We are aging and living longer. This fact could be attributed to improved technology, medical advances, and the increased number and aging of the baby boomers. It is estimated that the number of elderly will be up to 2 billion by the year 2050 (1). This increase in the number of elderly is mirrored by an increase in medical problems such as acute and chronic kidney disease. This requires coordinated care by multiple specialties, with geriatricians and nephrologists playing a key role in the treatment of these patients.

In the United States, chronic kidney disease (CKD)—defined by reduced GFR <60 mL/min per 1.73 m2, or presence of kidney damage—is very common in the elderly population. The prevalence of CKD is estimated to be 46.8 percent in those older than 70 years (1). However, the significance of reduced GFR in the elderly has been debated, and some suggest that reduced GFR is secondary to (expected) age-related changes in kidney function and is not evidence of true kidney disease.

Hypertension remains a growing problem in our aging population. Recent data from the National Health and Nutrition Examination Survey (NHANES) estimate that almost one-third of the adult population meets the criteria for hypertension (1). Furthermore, the prevalence increases with age; 65 percent of individuals over the age of 60 are hypertensive. Approximately three-quarters of the population with diagnoses of hypertension require some form of pharmacologic therapy, and the percentage is as high as 82 percent among individuals over the age of 60.

Dialysis: Change is Online


The National Kidney Foundation’s (NKF) Kidney Early Evaluation Program (KEEP) provides comprehensive health risk appraisals to assess kidney function and key risk factors for chronic kidney disease (CKD), including hypertension and diabetes. Since 1997, this rapidly expanding program has screened more than 125,000 individuals. About 20,000 people were screened in 2008 alone.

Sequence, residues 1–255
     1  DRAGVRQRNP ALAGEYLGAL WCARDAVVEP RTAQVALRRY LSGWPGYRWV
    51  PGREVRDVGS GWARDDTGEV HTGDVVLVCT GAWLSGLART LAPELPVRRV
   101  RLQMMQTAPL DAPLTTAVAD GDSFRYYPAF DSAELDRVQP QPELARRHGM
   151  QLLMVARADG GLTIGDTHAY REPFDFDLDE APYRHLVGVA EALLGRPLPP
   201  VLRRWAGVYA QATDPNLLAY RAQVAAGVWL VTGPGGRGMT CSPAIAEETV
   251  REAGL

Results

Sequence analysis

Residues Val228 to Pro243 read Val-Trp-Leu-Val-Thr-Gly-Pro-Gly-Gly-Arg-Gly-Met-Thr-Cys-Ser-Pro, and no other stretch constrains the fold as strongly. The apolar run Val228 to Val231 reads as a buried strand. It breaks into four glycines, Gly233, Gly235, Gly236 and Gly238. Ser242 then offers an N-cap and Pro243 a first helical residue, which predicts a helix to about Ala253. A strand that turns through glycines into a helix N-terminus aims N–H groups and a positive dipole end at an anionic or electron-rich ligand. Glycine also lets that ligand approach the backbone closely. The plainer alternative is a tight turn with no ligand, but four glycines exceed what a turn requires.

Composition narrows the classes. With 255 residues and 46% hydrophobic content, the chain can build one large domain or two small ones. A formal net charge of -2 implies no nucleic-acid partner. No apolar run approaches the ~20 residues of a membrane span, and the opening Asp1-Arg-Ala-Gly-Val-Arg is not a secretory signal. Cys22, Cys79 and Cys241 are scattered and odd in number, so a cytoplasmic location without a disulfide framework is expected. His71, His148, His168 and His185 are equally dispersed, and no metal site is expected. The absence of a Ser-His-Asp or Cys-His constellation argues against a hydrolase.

Three times a week, in a plain red-brick building near the Pentagon City mall in Arlington, a machine keeps me alive.

Renal Week 2008

Kidney function in obese kidney donors remains strong one year after donation, although long-term effects on renal function are uncertain, said Peter Reese and his colleagues at the University of Pennsylvania-Philadelphia at a Renal Week session.

As transplant centers work to maximize appropriate live donor transplantation, uncertainties remain concerning the potential risks of accepting kidneys from donors with obesity or other risk factors for future kidney disease. Also unclear are risks obese donors may face during and after the surgical procedure.

Urban and rural physicians involved in kidney transplantation have different perceptions about various aspects of the procedure, including when it should be done in the course of end stage renal disease (ESRD) and for which patients.

Wait times for kidney transplants throughout the United States vary widely, so that some individuals can receive a deceased donor’s kidney within just one year while others must wait up to a decade. Researchers are investigating the issues related to organ allocation inequities and are searching for ways to remedy them.

Kidney transplants lead to improved mental performance in people with kidney disease, new research shows.